Progress of the Personal Income Tax in Emerging and Developing Countries
36 Pages Posted: 30 Mar 2022
Date Written: January 1, 2022
Personal Income Tax (PIT) is one of the key sources of revenues in Advanced Economies (AEs) but plays a much more limited role in Low-Income Developing Countries (LIDCs) and Emerging Market Economies (EMEs), both in terms of revenue and redistributive impact. Notwithstanding, this paper shows that LIDCs and EMEs increased their PIT-to-GDP revenue by 110 and 48 percent, respectively, during the 1990-2019 period, a marked improvement in the PIT revenue performance. We find that this rise was driven primarily by economic developments and to a lesser extent by changes in the design of PIT systems. We also find that LIDCs that improved their tax-to-GDP ratios relied on a broader set of tax instruments and not exclusively on the PIT, suggesting that a successful revenue mobilization strategy of developing countries requires a comprehensive approach covering a wider range of taxes. Finally, using a newly assembled dataset of PIT characteristics of 157 countries over the 2006-2018 period, we estimate a novel redistribution index of the PIT in LIDCs. We show that the contribution of the PIT to inequality reductions has been significant.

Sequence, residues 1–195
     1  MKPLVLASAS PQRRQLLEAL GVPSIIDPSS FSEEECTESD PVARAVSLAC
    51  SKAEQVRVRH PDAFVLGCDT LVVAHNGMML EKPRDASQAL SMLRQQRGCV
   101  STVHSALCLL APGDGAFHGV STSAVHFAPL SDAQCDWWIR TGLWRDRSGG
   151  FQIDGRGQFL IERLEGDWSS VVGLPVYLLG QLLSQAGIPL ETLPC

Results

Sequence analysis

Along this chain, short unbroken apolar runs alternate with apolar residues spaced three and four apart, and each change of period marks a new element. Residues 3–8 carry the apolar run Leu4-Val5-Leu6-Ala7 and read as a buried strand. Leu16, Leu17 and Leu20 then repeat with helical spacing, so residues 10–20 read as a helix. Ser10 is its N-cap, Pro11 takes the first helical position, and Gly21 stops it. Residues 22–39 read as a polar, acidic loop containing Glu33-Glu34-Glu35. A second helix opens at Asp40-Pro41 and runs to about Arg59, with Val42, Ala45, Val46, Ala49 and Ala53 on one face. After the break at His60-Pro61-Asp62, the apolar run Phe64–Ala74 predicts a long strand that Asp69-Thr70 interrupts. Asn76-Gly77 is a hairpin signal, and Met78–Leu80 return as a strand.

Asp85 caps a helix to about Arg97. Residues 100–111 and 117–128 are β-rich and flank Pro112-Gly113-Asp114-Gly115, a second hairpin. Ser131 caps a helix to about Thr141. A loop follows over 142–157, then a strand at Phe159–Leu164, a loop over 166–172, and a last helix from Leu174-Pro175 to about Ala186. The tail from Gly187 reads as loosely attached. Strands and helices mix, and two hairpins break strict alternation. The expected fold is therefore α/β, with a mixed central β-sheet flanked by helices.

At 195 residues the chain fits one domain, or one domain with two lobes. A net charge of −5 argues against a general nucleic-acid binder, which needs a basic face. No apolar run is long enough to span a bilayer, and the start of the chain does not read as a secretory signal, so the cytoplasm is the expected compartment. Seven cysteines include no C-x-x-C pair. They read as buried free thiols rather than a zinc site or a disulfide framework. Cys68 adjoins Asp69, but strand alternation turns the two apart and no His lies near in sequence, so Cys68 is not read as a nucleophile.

Keywords: Personal income tax, progressivity, redistribution, low-income countries, emerging market economies, PIT revenue performance, PIT system, liability threshold, PIT revenue, PIT characteristic, Personal income tax, Income tax systems, Corporate income tax, Income and capital gains taxes, Global
JEL Classification: H24, D63, H20, H25
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